— N.C. State’s Dave Doeren might be a touch underrated knowing the Wolfpack have a .641 winning percentage the last three seasons and have done an excellent job producing NFL talent.— Mad about your coach’s ranking? Don’t be. Eight coaches are ranked from No. 34-49, starting with Syracuse’s Dino Babers and ending with first-year Louisville coach Scott Satterfield. There’s not much separation between those coaches and they likely will shuffle in this range again in 2020.— Among returning coaches, Babers jumped 47 spots from last year’s overall rankings for the biggest gain. Virginia Tech’s Justin Fuente had an 14-spot fall for the biggest drop. Mack Brown is back in the ACC with North Carolina. Is he really the No. 2 coach in the conference? Sporting News answered that question in its annual 1-130 coach rankings. Today, we’ll dig a little deeper into our ACC coach rankings. Brown is ranked No. 2 among ACC coaches behind Clemson coach Dabo Swinney, who has won two national championships in the last three years. Swinney is the runaway at No. 1 in this year’s rankings. Brown, 67, is back after a five-year hiatus following his stint at Texas. We can defend this ranking, too.MORE: ACC 2019 early conference primerBrown is one of just five FBS coaches with a national championship. Brown made aggressive coordinator hires in getting offensive coordinator Phil Longo from Ole Miss and defensive coordinator Jay Bateman from Army. We have the feeling he’s out to prove the game hasn’t passed him by. That will translate to the Tar Heels competing for ACC Coastal Division championships sooner rather than later.Plus, the rest of the field is lumped together. With that in mind, here is a look at our ACC coach rankings: 2019 ACC Coach Rankings RankNameSchoolWLPCT.OVR1Dabo SwinneyClemson11630.79522Mack BrownNorth Carolina244122.667243David CutcliffeDuke111101.524274Dino BabersSyracuse3628.563345Dave DoerenNorth Carolina State6638.635356Justin FuenteVirginia Tech5138.573387Pat NarduzziPittsburgh2824.538428Dave ClawsonWake Forest6066.476459Bronco MendenhallVirginia11565.6394710Willie TaggartFlorida State5257.4774811Scott SatterfieldLouisville4716.7464912Steve AddazioBoston College3838.5006114Manny DiazMiami00.0006813Geoff CollinsGeorgia Tech1510.60069MORE: SN’s post-spring preseason top 25Quick reads — There is a strong argument to be made for Duke’s David Cutcliffe in the top 25 (or even higher) knowing he has led the Blue Devils to five winning seasons in the last six years.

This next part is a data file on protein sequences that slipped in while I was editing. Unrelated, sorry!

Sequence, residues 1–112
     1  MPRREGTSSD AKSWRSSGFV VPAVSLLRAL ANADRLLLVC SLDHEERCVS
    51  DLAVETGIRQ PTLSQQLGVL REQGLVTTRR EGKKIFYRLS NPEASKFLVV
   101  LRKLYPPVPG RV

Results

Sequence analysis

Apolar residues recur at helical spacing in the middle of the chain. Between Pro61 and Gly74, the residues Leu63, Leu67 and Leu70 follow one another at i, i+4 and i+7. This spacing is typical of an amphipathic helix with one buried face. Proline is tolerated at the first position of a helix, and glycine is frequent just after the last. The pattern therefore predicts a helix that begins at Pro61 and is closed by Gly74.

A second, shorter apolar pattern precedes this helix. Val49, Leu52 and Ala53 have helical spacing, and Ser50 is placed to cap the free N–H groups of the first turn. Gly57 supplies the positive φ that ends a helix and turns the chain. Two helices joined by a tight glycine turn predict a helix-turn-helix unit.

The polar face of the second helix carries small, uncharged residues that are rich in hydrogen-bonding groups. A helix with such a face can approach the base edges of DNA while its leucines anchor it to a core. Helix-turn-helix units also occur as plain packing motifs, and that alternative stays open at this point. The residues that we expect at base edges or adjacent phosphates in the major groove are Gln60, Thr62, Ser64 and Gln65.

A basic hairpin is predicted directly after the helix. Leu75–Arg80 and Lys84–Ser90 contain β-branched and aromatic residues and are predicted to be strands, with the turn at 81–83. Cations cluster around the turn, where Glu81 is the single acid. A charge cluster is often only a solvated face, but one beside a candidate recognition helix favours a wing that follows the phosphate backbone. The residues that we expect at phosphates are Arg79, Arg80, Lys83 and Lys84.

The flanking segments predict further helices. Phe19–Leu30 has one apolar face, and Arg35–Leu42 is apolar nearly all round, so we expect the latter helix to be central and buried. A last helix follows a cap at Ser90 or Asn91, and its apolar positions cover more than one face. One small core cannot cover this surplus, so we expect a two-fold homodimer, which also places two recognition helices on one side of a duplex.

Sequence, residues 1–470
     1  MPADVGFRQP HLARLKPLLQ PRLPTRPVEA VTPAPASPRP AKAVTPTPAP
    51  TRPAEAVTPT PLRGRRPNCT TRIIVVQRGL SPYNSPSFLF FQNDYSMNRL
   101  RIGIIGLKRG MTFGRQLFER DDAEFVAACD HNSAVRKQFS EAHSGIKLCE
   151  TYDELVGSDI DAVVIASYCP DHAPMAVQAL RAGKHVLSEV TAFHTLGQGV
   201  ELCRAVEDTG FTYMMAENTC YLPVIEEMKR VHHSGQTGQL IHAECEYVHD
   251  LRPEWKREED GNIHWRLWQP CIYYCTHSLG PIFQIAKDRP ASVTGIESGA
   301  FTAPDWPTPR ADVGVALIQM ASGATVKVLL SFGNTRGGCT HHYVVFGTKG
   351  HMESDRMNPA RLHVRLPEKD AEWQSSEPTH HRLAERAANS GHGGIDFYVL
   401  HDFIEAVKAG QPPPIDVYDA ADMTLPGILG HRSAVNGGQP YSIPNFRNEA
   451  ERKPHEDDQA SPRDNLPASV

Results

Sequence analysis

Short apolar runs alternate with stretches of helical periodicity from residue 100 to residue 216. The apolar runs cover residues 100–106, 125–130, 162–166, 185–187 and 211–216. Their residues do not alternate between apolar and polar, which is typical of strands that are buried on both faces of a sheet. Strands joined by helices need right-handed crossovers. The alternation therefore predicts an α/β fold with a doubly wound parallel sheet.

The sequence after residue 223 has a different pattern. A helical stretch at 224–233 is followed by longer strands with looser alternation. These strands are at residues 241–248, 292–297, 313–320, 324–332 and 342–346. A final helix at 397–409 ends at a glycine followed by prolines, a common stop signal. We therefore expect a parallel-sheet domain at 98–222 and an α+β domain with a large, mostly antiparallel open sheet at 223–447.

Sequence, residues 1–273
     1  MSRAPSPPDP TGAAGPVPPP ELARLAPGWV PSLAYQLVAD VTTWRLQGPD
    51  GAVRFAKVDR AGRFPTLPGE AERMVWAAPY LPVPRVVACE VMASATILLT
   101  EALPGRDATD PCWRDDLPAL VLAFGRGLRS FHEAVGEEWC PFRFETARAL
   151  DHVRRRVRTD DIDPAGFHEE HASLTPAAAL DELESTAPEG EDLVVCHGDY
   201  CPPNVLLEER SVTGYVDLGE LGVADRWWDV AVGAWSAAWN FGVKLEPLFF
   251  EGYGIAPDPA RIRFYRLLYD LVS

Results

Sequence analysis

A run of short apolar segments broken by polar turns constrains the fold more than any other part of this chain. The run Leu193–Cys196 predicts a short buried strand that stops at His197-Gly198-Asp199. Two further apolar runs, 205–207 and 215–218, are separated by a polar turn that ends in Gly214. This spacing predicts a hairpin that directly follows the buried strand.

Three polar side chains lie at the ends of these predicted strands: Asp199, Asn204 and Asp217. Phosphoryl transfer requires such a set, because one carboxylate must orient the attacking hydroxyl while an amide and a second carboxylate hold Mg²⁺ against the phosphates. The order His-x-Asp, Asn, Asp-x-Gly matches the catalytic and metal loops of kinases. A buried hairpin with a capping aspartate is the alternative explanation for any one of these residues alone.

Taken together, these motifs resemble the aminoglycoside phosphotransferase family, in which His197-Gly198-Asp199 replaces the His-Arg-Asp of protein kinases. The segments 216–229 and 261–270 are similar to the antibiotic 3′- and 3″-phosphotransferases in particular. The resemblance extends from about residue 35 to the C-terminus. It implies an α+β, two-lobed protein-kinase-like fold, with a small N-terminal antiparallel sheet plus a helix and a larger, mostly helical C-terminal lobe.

MORE: NFL’s highest-paid QBs in salary, guaranteed money, contract valueSporting News takes a closer look: Rushing yards: Eric Dickerson, 2,105 (1984) Dickerson’s record has stood for more than 25 years. Only seven NFL players have rushed for more than 2,000 yards in a single season. Adrian Peterson, who rushed for 2,097 yards in 2012, is the last player to get closer to Dickerson’s record. Dickerson averaged 131.6 yards per game that season. Broken record? It would take 123.8 yards per game over 17 games to get there. Three running backs have averaged more than that since 2000: Peterson (131.1), Jamal Lewis (129.1) and Chris Johnson (125.4). It would take a special running back to get there. Passing yards: Peyton Manning, 5,477 (2013) Manning’s season is one of 12 in which quarterbacks have passed more than 5,000 yards since Dan Marino first did it with 5,084 yards in 1984. Eleven of those 12 seasons have happened since 2008, and Drew Brees has five of those seasons. Broken record? It might not take 17 games to do it. Jameis Winston passed for 5,109 yards in 2019, and Ben Roethlisberger passed for 5,129 yards in 2018. This record will get broken sooner rather than later, and the only question is how much more than 5,500 that record will be once we go to 17. Passing TDs: Peyton Manning, 55 (2013) Manning, Tom Brady (50) and Patrick Mahomes (50) are the only ones to hit the 50-TD threshold, and there have been 10 seasons with 40 or more TD passes. Manning, Dan Marino, Aaron Rodgers and Brees are the only quarterbacks to pass for more than 40 TDs more than once. Broken record? It won’t be easy, but Mahomes is a good bet to break this one, too. Quarterbacks who hit the 40-TD mark will become much more commonplace. Hey, 40 is the new 30. MORE: Ranking the NFL’s top 50 free agents for 2020Receiving yards: Calvin Johnson, 1,964 (2012) Megatron broke the single-season record with 1,964 yards in 2012, a record set by Jerry Rice with 1,848 in 1995. Since then, Julio Jones (1,871) and Antonio Brown (1,834) have put up monster seasons. Broken record? Yes, but it has to be done by a Hall of Fame-caliber receiver. We might get a 2,000-yard receiver with a 17-game schedule. Michael Thomas led the league with 1,725 yards in 2019. Receiving TDs: Randy Moss, 23 (2007) Moss caught 23 TDs in that magical season with Tom Brady, and the only other players with 18 or more in a single season are Rice (22), Mark Clayton (18) and Sterling Sharpe (18). Broken record? Considering Detroit’s Kenny Golladay led the league with 11 TDs last season, there’s a long way to go. The TD-reception leader averaged 14.5 TDs per season from 2010 to 2019. Moss’ record might be safe for years to come. Total TDs: LaDainian Tomlinson, 31 (2006) Tomlinson’s record will be hard to top given that only five running backs have piled up 25 TDs or more in a single season. That exclusive list also includes Shaun Alexander (28), Priest Holmes (27), Marshall Faulk (26) and Emmitt Smith (25). Broken record? No. Aaron Jones led the NFL with 19 total TDs last season. This record might stand even through an 18-game season. Scrimmage yards: Chris Johnson, 2,509 (2009) Johnson had a dream season for fantasy owners in 2009. It’s one of 11 seasons in NFL history when a player had more than 2,300 yards from scrimmage. It’s been done eight times since 2000. How will a 17-game schedule affect the NFL record book? That’s one of the secondary questions after the NFL reached an agreement with its players Sunday that extended the collective bargaining agreement through 2030. Several single-season records that are a treasured part of the 16-game format might be challenged when the league moves to 17 games. Others might be safe no matter what. Will that diminish the NFL record book? Broken record? Yes, and Christian McCaffrey, who had 2,392 yards from scrimmage last season, could do that if he stays healthy over the next few years. Sacks: Michael Strahan, 22.5 (2001) Strahan’s record has held up for two decades, despite some close calls from Jared Allen (22) and Justin Houston (22). J.J. Watt has two seasons with 20-plus sacks, and Aaron Donald had 20.5 in 2018. Broken record? Yes. There are enough elite pass rushers in the league to get to 20, and one of them will eventually break through.